TFOCS: tfocs_SCD options adjoint

I’m trying to solve a basis pursuit denoising problem uinsg tfocs_SCD.
I figured I would start by using the default options and tweak them to suit my needs.

Unfortunately, it seems like there is a bug in the defaults provided by tfocs_SCD.

This is a snippet from my code

  opts = tfocs_SCD(); % get the default options
  opts = rmfield(opts, 'adjoint');% this seems to fix a bug
  % in tfocs_SCD they invert the value of opts.adjoint in line 92
  % so i remove the parameter and let them set it back to the default


  [x, out, optsOut] = solver_sBPDN_W(A, WWt_rw, y, ...
                                      epsilon, mu, x, lambda0, opts, cont_opts);

Without my ‘fix’, this is the error message I get

Error using tfocs_initialize (line 294)
The elements in the last column must be constants.

Error in tfocs_AT (line 13)

Am I doing something wrong?


In reply to Stephen Becker:

Lines 41-44 have been replaced by lines 35-38 that are RIGHT above them. Line 39 is particularly confusing because both the if statement and the expression to be evaluated are on the same line.

In my original question, I made reference to lines 92, here is the relevant code

% The affine quantities will be used in adjoint orientation
if isfield( opts, 'adjoint'  ),
    opts.adjoint = ~opts.adjoint;
    opts.adjoint = true;

It seems very strange to be that opts.adjoint is inverted … The default opts return adjoint=true, then this inverts it, maybe it was meant to be a double negative?

opts.adjoint = ~~opts.adjoint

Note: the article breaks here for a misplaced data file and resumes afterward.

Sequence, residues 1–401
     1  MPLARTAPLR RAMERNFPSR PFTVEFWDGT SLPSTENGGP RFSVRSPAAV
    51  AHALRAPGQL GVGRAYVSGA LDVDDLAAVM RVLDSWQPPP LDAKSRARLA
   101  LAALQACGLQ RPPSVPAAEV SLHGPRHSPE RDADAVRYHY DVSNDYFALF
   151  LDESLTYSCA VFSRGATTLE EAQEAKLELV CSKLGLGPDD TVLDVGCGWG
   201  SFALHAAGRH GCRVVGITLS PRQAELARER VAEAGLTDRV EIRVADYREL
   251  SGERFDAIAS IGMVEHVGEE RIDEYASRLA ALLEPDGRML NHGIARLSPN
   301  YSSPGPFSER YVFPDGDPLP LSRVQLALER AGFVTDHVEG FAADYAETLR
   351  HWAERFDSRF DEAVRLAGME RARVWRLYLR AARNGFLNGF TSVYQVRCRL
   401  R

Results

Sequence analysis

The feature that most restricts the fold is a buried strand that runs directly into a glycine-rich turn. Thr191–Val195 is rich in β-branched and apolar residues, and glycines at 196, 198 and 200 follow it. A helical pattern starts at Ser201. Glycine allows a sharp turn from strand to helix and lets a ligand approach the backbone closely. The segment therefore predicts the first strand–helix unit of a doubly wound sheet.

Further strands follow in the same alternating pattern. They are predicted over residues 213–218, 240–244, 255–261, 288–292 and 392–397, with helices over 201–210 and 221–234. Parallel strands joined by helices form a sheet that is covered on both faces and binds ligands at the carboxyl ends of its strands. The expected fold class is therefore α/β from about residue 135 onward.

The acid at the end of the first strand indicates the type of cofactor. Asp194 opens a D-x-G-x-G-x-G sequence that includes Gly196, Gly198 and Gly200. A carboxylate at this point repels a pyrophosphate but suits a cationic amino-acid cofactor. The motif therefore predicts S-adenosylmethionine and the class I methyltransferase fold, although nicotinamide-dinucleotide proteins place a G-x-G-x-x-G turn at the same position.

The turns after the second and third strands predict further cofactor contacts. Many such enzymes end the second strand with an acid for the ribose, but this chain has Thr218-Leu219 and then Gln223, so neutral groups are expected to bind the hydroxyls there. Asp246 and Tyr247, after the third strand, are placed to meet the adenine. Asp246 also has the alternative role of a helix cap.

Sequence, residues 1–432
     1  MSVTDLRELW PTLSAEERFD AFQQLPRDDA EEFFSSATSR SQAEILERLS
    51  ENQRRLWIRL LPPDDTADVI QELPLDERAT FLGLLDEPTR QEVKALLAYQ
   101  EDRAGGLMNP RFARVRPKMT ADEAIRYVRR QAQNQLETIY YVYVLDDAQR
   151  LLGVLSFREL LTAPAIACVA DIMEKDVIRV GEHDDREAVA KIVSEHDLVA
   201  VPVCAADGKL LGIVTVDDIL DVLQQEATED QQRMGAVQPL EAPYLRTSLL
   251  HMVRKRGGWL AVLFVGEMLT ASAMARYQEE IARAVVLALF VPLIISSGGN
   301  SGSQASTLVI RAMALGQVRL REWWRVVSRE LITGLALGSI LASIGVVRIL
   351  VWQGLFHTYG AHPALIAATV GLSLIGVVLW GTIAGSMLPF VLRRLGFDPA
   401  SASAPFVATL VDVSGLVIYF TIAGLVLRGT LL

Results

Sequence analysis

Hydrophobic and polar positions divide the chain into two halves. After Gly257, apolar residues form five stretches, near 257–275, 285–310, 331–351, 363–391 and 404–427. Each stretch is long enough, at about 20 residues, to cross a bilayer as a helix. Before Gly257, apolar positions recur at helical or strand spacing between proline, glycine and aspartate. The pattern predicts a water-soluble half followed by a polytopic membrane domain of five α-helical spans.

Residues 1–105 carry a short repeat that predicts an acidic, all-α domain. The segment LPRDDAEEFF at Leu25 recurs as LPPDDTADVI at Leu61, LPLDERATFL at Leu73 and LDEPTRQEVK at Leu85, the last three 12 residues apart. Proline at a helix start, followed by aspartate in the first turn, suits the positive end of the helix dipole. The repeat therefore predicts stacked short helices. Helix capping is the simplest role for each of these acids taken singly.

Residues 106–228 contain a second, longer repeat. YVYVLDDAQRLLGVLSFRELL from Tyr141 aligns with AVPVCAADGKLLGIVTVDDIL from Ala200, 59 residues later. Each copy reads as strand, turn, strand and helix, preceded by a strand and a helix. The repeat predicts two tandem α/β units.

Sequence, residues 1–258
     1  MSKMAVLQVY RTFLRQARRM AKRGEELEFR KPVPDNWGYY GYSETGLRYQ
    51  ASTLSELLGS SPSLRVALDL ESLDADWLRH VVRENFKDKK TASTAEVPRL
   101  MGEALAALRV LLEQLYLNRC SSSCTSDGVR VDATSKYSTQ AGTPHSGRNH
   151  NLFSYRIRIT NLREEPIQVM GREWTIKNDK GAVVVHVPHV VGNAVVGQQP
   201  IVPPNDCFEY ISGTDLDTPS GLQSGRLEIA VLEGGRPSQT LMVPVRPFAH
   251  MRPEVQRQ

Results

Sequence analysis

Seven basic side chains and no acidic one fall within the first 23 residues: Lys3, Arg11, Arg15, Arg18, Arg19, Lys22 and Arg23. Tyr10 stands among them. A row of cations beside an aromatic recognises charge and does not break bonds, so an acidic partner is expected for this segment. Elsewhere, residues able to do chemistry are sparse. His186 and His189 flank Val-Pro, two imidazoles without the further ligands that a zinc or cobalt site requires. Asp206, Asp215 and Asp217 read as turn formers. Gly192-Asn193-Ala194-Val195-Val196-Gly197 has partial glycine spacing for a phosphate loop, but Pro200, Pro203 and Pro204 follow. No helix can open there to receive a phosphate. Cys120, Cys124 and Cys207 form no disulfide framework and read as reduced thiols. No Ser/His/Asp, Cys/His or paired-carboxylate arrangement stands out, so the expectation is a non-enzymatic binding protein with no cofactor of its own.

I need more than 10 karma to attach a file, so I’ve just copied the contents below.

Note, I just made a toy example and I’m not too interested if some of the parameter choices are entirely correct.

clear all;
close all;

% define the vector space and number of measurements
N = 100;
m = 30;
k = 3; % sparsity

% Make a sparse target
x = zeros(N, 1);
x(randperm(N, k)) = 1;

A = 2*(randi([0, 1], m, N) -0.5);

y = A *x;

W = @(x_) x_;
Wt = @(x_) x_;

epsilon = 0.1;
mu = 0.01;

opts = tfocs_SCD();
opts.debug = true;
% Comment out the line below to see the magic working
%opts = rmfield(opts, 'adjoint'); % this seems to fix a bug

WWt = linop_handles([N, N], W, Wt);

x_guess = A\y;
lambda_guess = [];

x_reconstructed = solver_sBPDN_W(A, WWt, y, epsilon, mu,  x_guess, lambda_guess, opts);

hold on
plot(x, 'vb')
plot(x_reconstructed, '^r');

---- Aug 22 2013 —
hmm, ok, I didn’t realize that adjoint was an internal parameter. Is there any reason why line 92 would ever need to be executed (maybe other solvers need it)? If there isn’t, why not simply remove the if statements around line 94 and let
opts.adjoint = true;


I think that may be a bug in the options; the lines 41-44 in tfocs_SCD.m are commented out, but they should not be. But it seems unrelated to the error you are getting. That error is called when it detects an input to be a function handle when it really should be a number. If you provide more code (describing A, WWt_rw, y, …) we can help you debug this.

Also, I recommend setting opts.debug=true when an error like this happens, as it will give you a bit more information on what is happening internally.

– Response to the revised question –

So I found the issue. The underlying root cause is that the ‘adjoint’ parameter is our internal parameter that is not for the user to manipulate, but since you wanted to have a set of default values, we gave you a default value for ‘adjoint’ when it doesn’t really have a default. Everything is fixed if you edit line 42 and remove x.adjoint=true with x = rmfield(x,'adjoint').

Line 39 isn’t confusing, it’s just poorly formatted so hard to read quickly, but the intent is clear. Lines 41-44 are not contradicting lines 35-38, but rather re-setting default values after tfocs handles them. Our convention to get default values requires some interesting tricks, since Matlab doesn’t have a standard way to do this.

Anyhow, bottom line is that the adjoint stuff works fine, and it’s confusing, but it isn’t necessary for the user to work with it. The problem is that we also tried to incorporate it into the default values, which is how it affected you. The new fix should clear it up.

Btw, for anyone else who runs this code, randperm(N, k) is not backward compatible with older versions of matlab; a substitute is randsample(N,k) if you have the stats toolbox.